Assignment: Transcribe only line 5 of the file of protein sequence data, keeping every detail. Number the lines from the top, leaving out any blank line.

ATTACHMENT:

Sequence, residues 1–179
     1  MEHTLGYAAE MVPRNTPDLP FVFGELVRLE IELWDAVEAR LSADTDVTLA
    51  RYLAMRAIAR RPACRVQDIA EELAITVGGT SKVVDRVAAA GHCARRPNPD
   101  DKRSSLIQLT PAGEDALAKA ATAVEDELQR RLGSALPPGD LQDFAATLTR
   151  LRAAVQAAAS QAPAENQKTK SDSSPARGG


   151  LRAAVQAAAS QAPAENQKTK SDSSPARGG